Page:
Rafinesque's Big-eared Bat
RAFINESQUE’S BIG-EARED BAT
Photo Credit: Merlin D. Tuttle, Bat Conservation International
SCIENTIFIC NAME: Corynorhinus rafinesquii (Lesson)
OTHER NAMES: None.
DESCRIPTION: A mid-sized (total length, 85-105 mm [3.4-4.2 in.]; weight, 8-10 g [0.28-0.35 oz.]; females may weigh up to 14 g [0.50 oz.]) bat distinguished from all other bats that occur in Alabama by large ears (27-37 mm [1.0-1.5 in.] long). Dorsum brownish gray overall, individual hairs are dark brown to blackish basally, pale reddish to brownish distally; venter is whitish (Handley 1959; Jones 1977; Choate et al. 1994). Two subspecies occur in Alabama; generally, C. r. rafinesquii is found north of the Tennessee River and C. r. macrotis south (Hall 1981a).
DISTRIBUTION: From central Illinois and Indiana south to the Gulf of Mexico and from eastern Oklahoma and Texas to the Atlantic Ocean. Previous records indicate potentially occurs throughout Alabama (Handley 1959, Hall 1981a, Choate et al. 1994, Harvey et al. 1999).
HABITAT: A variety of forested habitats from tupelo gum-bald cypress swamps near Mobile Bay to pine-deciduous forests of northern Alabama (T. L. Best, pers. observ.). Maternity colonies and summer roost sites often partially lighted, and include unoccupied buildings and other human-made structures. Also use caves, trees, and other natural places as roost sites. Hibernacula include caves, mines, cisterns, and wells (Jones and Suttkus 1975, Jones 1977, Choate et al. 1994).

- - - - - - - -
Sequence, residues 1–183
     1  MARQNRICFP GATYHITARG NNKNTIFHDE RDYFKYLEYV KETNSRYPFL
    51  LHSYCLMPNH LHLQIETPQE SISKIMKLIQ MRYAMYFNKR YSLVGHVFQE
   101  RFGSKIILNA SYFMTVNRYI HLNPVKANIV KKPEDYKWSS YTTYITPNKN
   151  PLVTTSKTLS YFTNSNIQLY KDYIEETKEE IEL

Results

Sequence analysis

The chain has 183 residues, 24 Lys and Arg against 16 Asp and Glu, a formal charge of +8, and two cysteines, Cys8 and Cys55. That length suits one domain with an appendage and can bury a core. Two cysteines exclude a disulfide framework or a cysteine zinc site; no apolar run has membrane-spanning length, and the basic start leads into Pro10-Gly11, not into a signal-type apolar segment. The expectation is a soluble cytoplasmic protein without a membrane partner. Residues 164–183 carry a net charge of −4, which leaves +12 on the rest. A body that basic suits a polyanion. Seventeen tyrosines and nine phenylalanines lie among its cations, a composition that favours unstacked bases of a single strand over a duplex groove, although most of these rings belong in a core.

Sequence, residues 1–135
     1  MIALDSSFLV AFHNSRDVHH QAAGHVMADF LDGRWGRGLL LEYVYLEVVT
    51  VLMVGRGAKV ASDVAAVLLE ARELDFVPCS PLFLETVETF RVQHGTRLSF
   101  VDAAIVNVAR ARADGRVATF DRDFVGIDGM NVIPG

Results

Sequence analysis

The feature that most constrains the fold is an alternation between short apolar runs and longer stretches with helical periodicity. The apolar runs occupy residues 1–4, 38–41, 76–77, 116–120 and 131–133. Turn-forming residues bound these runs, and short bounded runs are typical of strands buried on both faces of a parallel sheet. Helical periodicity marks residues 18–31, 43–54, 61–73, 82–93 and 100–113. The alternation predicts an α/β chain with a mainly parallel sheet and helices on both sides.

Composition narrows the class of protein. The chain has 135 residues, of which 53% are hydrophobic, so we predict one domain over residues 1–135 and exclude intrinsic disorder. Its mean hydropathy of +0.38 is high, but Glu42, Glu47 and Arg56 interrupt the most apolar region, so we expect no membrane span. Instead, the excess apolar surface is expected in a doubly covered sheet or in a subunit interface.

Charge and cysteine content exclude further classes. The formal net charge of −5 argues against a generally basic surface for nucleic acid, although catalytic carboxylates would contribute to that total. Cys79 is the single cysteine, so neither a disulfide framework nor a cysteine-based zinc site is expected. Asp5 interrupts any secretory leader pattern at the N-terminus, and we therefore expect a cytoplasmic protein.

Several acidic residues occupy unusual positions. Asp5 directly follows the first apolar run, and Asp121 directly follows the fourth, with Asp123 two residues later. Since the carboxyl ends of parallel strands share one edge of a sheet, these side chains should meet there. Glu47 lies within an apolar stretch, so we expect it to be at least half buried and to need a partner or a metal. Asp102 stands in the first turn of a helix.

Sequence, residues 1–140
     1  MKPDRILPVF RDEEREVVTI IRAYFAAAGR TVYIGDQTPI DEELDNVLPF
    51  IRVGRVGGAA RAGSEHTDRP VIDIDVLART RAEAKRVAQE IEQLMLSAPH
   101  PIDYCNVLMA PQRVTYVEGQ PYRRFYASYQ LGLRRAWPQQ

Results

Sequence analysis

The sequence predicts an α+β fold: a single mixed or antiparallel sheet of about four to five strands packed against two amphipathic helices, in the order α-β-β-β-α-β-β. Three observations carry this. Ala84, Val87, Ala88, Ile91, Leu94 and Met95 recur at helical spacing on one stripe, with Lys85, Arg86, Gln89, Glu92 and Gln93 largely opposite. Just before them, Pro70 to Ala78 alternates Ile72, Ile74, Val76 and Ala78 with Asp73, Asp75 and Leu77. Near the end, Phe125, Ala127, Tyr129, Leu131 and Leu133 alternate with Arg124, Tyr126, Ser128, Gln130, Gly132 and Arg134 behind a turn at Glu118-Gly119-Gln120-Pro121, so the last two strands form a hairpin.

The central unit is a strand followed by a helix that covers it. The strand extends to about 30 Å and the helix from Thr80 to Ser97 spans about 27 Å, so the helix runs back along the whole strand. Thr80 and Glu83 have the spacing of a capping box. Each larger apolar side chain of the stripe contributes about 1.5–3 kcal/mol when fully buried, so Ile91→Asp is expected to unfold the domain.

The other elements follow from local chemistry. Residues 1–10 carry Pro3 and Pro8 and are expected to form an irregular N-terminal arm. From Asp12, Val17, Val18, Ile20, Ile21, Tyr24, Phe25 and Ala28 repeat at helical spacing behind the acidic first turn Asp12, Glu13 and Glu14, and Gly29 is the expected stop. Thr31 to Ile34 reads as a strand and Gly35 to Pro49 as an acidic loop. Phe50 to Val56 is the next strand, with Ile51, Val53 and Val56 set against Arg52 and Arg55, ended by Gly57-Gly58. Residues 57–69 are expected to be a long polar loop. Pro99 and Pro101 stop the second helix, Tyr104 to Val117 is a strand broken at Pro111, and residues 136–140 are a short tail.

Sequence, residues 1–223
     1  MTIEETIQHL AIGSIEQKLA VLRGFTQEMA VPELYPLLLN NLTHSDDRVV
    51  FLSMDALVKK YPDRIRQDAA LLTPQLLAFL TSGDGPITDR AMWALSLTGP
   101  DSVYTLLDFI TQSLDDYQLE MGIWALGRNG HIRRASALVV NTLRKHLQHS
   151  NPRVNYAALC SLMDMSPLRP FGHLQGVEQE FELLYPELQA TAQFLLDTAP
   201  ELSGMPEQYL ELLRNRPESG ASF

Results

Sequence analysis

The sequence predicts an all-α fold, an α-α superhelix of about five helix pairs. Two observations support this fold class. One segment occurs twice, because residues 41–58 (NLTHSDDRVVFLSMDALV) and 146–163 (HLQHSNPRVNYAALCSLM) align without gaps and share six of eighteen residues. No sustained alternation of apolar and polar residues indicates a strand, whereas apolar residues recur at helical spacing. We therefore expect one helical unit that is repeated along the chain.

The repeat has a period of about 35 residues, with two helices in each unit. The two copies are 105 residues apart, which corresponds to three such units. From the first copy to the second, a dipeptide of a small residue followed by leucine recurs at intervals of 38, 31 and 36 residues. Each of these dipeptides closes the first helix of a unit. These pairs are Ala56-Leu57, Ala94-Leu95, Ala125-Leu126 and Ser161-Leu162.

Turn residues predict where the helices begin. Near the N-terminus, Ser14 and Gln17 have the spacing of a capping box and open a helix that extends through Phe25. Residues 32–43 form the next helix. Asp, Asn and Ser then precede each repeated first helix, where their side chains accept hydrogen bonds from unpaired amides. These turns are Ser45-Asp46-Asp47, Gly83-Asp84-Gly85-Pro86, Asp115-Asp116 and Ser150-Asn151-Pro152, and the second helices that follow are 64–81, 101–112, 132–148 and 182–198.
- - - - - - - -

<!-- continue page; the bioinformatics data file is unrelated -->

LIFE HISTORY AND ECOLOGY: One young born in late May or early June. At birth, hairless young weigh about 2.5 grams (0.1 ounce). Young are closely associated with their mothers for about three weeks after birth, when they obtain permanent dentition and begin to fly. At about 15-18 days of age, young are capable of straight-line, nonagile flight. Mothers disturbed at the colony will fly with their young attached, but there is no evidence that young are carried by adults when foraging. Young reach adult weight in about four weeks after birth. Life span is at least eight to 10 years. Colonies range in size from few to about 100 individuals in some parts of geographic distribution, but at present, the largest known colony in Alabama contains one to three of these bats. Roost singly and in clusters. Although there is a tendency to use the same locations within roosts, they often move among locations within a roost site in response to changes in temperature; this occurs in summer and winter. In summer, individuals usually are active at the roost and are capable of immediate flight. When disturbed, they move their ears and often turn the head to look about. In winter, and sometimes in summer, they hang with ears coiled alongside the head; usually, ears are between the head and folded wings. When disturbed in this position during rest or torpor, it may take several minutes for them to arouse and erect the ears. Hibernate, but duration unknown. Emerge from day roosts late in evening to forage; apparently, do not forage at twilight. Diet composed of moths and other night-flying insects. Potential predators include snakes, raccoons, opossums, and domestic cats. Because of roosting habits, highly susceptible to predation and disturbance by humans (Jones and Suttkus 1975, Jones 1977, Choate et al. 1994, Harvey et al. 1999).
BASIS FOR STATUS CLASSIFICATION: One of the least known of all bats in the southeastern United States. Little is known about its population trends and ecological requirements. Uncommon over most of its distribution, including Alabama.
Author: Troy L. Best